Home Small Group Leaders Articles for Small Group Leaders 6 Ways Jesus Built His Small Group

6 Ways Jesus Built His Small Group

Week after week, you gather, and every time, you wonder if anything meaningful transpired in the last few hours. You tell yourself it takes time to build strong community life, but it’s been months, and it doesn’t seem like lives are being changed and meaningful relationships built. No spiritual fireworks. There doesn’t seem to be a spark to light a fire.

Jesus had this awesome ability to move forward with Luke 19:10“>his mission despite the Matthew 26:36-46“>lack of belief and motivation he was seeing from his disciples. The gospels record some pretty exciting events during their three years of ministry with one another. Could you imagine helping to miraculously feed more than 5,000 people, casting out demons with your own words, and seeing the dead raised on multiple occasions? These are EXTREME events! Sure, the disciples were wowed and wooed. But these events were never the direct cause of the disciples’ spiritual transformation. Miracles are manure—they only help prep the soil because life is contained John 12:24“>in the seed. After all these huge, electrifying events, Thomas still doubted the mission of Jesus, Peter still denied Christ, and Judas still betrayed Jesus.

Here are a few things I think Jesus told himself during the mundane moments of trying to build his small group called The Twelve:

1. *facepalm* “Don’t yell at them…John 17“>just go pray for them now.”

Jesus prayed early in the morning every day because he stayed connected with the Father. But he also prayed for his disciples. He definitely felt frustration with them at times. He knew their transformation was impossible without the Father’s help.

2. “I love them, I believe in them and I know they can do it.”

Jesus had Matthew 16:18“>hopes and dreams for his disciples even when he knew they would fail and deny him. He would never say, “They will NEVER change.” He saw their potential, choosing not to be cynical. Cynicism is either from our experience of failure or from the lies of the Enemy. Jesus does not condemn. He provides John 14:12“>hope and encouragement, not cynicism and condemnation.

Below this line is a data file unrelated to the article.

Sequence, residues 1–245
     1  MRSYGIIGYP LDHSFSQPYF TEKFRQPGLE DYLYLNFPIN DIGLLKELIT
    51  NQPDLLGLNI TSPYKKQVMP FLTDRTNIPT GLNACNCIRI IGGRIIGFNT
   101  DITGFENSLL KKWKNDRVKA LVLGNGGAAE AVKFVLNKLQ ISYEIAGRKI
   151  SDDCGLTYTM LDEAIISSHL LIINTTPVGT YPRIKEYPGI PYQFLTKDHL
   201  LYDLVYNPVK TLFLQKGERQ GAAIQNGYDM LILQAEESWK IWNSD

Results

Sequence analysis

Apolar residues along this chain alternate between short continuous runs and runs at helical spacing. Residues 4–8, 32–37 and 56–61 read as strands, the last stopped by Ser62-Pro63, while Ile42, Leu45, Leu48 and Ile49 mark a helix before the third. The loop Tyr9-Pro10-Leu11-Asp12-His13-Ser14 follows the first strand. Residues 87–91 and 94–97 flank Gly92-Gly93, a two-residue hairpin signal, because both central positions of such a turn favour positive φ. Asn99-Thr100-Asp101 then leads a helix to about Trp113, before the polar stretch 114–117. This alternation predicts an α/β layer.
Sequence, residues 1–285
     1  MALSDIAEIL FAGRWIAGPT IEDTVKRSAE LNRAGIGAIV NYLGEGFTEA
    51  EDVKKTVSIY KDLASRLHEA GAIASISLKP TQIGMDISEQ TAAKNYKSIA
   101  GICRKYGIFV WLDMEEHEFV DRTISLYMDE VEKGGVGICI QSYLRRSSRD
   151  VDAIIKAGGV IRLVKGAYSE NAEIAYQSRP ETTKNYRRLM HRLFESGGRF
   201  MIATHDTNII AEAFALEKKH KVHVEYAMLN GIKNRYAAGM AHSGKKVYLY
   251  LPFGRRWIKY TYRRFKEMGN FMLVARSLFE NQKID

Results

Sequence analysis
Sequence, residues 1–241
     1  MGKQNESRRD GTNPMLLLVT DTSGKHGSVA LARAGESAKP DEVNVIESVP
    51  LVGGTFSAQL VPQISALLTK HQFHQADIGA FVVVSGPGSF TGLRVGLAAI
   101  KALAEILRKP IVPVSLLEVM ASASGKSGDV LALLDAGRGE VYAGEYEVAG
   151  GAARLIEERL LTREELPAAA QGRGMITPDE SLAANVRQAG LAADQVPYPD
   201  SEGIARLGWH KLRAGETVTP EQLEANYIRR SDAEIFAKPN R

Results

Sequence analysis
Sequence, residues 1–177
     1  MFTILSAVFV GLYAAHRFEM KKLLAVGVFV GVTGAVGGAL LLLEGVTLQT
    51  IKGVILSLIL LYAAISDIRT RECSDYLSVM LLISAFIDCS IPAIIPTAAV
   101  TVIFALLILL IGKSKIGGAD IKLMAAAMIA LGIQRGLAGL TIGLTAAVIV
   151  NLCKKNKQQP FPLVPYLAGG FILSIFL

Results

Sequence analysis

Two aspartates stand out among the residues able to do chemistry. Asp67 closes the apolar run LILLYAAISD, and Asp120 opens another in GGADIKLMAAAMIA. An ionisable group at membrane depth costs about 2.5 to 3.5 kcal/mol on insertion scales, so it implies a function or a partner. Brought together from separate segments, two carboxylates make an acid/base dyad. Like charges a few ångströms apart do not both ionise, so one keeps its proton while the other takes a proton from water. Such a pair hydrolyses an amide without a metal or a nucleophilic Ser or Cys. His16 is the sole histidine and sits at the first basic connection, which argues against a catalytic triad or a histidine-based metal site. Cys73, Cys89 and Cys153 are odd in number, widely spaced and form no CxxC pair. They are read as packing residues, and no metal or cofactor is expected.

3. “Here’s our opportunity to grow.”

A few months ago, a child of one of our young married couples died. This was hard. You can imagine how utterly inadequate our young cell group felt in ministering to our brother and sister. But it was an opportunity for us to grow. We had a chance to prove our love. Jesus saw John 2“>life events, Luke 9:46-48“>conflict, and John 21:15-19“>failures as opportunities, not as setbacks.

4. “They won’t understand until they’ve tried it.”

Jesus didn’t just spend time talking at his disciples. Jesus was a teacher not because he was an academic but because he was able to impart himself to his group members. He knew learning often happens by doing. He sent people out to do both crazy challenging things as well as mundane tasks. Our cell group is in the process of sponsoring a refugee family, and we are super excited at how God will move through us with this opportunity. There will be a lot of little assignments that will grow us as individuals and as a team.

5. “They’ll get it after John 7:33“>I’m gone.”

Jesus had a different timetable than we do. He has a long perspective. He didn’t have the need to see total transformation right away. He prepped the seed, planted the seed, worked as hard as he could (even to the point of death), and then he went away. He was humble and John 14:12“>TRUSTED in them. He didn’t force it.

6. “It’s OK if this guy doesn’t get it.”

Jesus loves everyone equally, but the truth is John 13:10-11“>not everyone will get it. It hurts when we know that. We don’t have the same kind of foresight Jesus has. We can always hope the ones who leave or the ones who never grow will one day find the right soil to grow in. But at the end of the day, we need to let go of personal responsibility for someone else who refuses to grow the way Jesus wants them to grow.

Sin has a direct correlation to our inability to grow spiritually as a community. Sin is a showstopper. If people are prideful, selfish, immoral and unsubmissive to leadership—spiritual growth is impossible. IMPOSSIBLE! That’s why Jesus’ message to his disciples started with the act of repentance—changing the way we think and our personal agenda.

Repentance from sin as a group is absolutely necessary for growth.

Here are some practical ways to facilitate repentance for your group:

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Daniel Yang is Hmong-American and grew up in inner-city Detroit. His family resides in Fort Worth, TX and will be moving to Toronto in 2013 to start a new church to help reach what's known as the world's most culturally diverse city.